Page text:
New York City was not on our planned route heading south, because we had both been there before. But in this lifestyle we realize that we need to see everything we can while we’re here, and plans can change quickly. So we decided to tackle the challenging trip to the Big Apple, and yes, it was an unpleasant drive on I-95 S from Connecticut, passing through the Bronx in New York to the New Jersey turnpike. But we made it with the only damage being to our nerves.
The only RV park with easy access to NYC is Liberty Harbor RV Park (Steve’s review is here), across the Hudson River in Jersey City. For $80 a night you get a space in a parking lot with just water and electrical hookups. They are the only game in town, as they are within easy access of Manhattan by ferry or train. And they know it!
Reconnecting with my long lost friend, Rosana – whom I had not seen for 37 years – was a great reason to stop by NYC. She and her hubby Angelo gave us a wonderful personalized tour around town, and that’s always the best way to experience a big city.
The highlight of our wanderings was visiting the 9/11 Memorial. Access is free, but a donation is requested when you get your timestamped pass, which is recommended because of how busy it gets. The Memorial is surrounded by ongoing construction on several World Trade Center structures, which is amazing to see in itself. We went on a Saturday, and a large crowd was already forming as the gate opened at 10AM. A security screening was required prior to entry, and we noticed lots of cameras and a large police presence.
The new One World Trade Center is scheduled to be completed in early 2014, and it dominates the nearby skyline. It is almost complete at 104 floors, and is topped by a spire that reaches the symbolic height of 1,776 feet – a number commemorating the year of America’s independence.
The rebuilding continues, and we observed solemnity and respect among the hundreds of visitors.
Our friends took us all around town, and for those of you who have visited or lived there, you know that getting around means taking the subway and walking on the streets and avenues. We learned that In New York City, an avenue block is 1/4 mile long and runs from east to west, while a street block is 1/16 of a mile long and runs from north to south. Believe me, we did LOTS of walking on this day!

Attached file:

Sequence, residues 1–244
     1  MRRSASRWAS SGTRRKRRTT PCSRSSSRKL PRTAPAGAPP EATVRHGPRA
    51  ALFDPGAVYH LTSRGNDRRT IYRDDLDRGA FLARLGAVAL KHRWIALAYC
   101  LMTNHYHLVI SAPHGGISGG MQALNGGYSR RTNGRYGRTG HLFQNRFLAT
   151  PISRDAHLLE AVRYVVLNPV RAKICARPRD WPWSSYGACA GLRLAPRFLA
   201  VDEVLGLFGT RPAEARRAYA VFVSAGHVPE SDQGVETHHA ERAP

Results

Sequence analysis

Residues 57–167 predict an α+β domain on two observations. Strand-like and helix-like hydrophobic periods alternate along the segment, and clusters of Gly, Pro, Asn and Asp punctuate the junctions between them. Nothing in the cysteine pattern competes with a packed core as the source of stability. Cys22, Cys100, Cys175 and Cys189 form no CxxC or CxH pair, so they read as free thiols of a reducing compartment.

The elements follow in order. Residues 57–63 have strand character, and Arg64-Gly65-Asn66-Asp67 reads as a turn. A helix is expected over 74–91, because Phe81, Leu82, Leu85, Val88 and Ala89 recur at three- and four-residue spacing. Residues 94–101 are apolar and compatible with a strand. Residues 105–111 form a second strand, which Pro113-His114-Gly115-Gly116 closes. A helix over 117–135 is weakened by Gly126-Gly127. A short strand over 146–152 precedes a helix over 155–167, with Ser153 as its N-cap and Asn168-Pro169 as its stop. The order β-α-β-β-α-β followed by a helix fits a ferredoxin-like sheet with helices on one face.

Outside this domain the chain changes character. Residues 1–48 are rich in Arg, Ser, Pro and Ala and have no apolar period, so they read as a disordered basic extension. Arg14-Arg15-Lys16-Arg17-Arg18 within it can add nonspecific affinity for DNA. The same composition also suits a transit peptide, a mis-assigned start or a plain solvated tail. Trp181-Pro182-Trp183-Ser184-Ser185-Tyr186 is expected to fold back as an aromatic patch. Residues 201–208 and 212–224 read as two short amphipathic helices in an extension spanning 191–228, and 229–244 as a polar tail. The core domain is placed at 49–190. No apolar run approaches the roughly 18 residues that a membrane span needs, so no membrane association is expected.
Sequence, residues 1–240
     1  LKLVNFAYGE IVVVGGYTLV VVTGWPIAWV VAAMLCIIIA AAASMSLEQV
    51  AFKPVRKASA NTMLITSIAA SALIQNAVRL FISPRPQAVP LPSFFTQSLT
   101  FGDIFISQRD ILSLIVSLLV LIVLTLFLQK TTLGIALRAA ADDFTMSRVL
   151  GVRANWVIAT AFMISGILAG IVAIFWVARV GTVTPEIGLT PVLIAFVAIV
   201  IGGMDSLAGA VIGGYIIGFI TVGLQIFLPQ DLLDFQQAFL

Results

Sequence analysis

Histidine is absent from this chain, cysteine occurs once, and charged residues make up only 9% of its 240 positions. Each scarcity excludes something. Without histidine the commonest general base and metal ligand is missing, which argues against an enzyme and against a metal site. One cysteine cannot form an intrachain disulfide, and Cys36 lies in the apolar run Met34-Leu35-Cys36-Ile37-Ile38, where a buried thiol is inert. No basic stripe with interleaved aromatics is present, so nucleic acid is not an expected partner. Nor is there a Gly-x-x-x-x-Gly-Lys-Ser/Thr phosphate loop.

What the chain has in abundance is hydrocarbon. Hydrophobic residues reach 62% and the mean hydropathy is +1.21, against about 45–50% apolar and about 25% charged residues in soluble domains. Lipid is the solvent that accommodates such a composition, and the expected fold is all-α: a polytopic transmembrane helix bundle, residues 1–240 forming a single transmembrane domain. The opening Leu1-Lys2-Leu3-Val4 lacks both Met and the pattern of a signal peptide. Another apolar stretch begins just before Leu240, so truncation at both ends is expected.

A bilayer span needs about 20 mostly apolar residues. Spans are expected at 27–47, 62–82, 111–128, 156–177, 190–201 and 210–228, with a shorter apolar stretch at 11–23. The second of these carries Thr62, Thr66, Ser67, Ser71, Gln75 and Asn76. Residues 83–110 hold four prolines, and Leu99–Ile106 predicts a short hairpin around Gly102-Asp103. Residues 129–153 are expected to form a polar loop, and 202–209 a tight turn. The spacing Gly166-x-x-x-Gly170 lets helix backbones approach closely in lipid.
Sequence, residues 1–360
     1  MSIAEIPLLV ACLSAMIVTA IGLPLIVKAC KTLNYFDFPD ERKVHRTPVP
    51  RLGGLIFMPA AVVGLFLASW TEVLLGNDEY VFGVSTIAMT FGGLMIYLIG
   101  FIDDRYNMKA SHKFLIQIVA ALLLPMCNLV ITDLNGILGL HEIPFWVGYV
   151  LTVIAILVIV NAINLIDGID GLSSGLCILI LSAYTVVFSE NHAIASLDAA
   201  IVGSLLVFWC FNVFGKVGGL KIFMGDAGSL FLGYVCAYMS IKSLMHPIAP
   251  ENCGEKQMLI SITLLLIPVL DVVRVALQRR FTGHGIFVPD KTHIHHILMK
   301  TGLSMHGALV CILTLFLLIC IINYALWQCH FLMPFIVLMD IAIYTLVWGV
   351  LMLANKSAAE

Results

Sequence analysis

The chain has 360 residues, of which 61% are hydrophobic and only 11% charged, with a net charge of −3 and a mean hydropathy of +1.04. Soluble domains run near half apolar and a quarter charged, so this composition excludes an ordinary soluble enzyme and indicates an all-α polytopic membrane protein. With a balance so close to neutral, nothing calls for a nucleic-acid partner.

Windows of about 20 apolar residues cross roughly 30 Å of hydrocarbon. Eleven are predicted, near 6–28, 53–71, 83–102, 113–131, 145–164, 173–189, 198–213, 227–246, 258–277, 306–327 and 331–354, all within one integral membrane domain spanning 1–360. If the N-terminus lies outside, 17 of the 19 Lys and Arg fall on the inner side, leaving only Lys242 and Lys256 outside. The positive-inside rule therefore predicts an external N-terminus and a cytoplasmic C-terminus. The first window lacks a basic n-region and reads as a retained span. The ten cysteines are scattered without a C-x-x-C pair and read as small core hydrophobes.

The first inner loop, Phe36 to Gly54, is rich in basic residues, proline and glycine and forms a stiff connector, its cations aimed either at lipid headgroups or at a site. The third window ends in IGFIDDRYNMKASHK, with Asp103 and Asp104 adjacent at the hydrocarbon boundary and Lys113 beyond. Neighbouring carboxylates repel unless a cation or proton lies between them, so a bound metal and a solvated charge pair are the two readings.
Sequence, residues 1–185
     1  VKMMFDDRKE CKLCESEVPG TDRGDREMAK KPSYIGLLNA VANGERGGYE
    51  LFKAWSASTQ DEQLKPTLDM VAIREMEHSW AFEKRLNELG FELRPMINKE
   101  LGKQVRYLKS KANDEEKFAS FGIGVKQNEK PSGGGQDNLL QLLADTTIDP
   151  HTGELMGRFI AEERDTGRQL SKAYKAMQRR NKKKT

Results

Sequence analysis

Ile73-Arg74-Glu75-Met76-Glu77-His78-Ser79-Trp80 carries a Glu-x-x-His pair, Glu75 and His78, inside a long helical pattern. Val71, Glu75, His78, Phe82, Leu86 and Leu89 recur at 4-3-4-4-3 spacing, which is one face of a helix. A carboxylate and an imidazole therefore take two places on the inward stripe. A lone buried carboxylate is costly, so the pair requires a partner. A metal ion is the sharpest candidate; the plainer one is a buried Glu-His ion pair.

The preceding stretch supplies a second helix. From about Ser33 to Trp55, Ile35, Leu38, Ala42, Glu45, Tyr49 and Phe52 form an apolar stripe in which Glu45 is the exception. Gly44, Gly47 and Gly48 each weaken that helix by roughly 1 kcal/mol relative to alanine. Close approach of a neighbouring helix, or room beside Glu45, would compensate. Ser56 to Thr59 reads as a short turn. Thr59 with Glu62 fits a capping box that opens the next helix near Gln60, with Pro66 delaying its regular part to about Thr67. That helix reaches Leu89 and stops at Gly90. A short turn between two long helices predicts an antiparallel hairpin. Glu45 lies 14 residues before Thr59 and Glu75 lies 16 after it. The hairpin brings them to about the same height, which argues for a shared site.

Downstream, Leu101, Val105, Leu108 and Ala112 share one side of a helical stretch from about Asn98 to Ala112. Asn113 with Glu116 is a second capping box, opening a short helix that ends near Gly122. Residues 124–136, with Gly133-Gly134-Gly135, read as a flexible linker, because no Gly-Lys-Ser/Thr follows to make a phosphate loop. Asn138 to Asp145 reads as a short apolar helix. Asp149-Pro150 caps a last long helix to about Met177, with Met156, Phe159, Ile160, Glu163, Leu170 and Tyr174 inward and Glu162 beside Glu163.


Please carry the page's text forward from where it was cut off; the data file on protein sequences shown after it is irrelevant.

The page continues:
Walking down Wall Street, I caught a glimpse of Trinity Church. It was positioned very nicely between other tall buildings.
In its yard is a two-ton bronze sculpture installed as a reminder of a large sycamore tree. The tree was uprooted on September 11, 2001 from St Paul’s Chapel several blocks away and found lying in the yard of Trinity Church. It had fallen in such a way that none of the historic tombstones around it were disturbed and none of the wreckage reached the Chapel.
When we arrived at the American Museum of Natural History, I recognized immediately that these were the actual exhibits behind the characters featured in the movie “Night at the Museum”! The David H. Koch Dinosaur collection alone occupied a large area on the fourth floor. This museum is huge and amazing, and it requires at least a full day (and maybe more) to explore. A must-see if you’re in NYC.
As you may have guessed, the Rockefeller Center is a tourist destination and we were there milling around with hundreds of other folks.
A visit to NYC wouldn’t be complete without being in Times Square at night! Our friends made sure we saw it during the day and then again all lit up.
Lastly, they took us across to Brooklyn where we were able to see the amazing Manhattan skyline from yet another vantage point. Awesome!
It was truly great seeing and reconnecting with Rosana again after so many years. Many thanks to her and Angelo, our gracious and patient hosts for giving us a fantastic tour of NYC – and for the wonderful lunch in Chinatown. You are the best!
Next up: High Rises and Many Bridges – The Big Apple pt. 2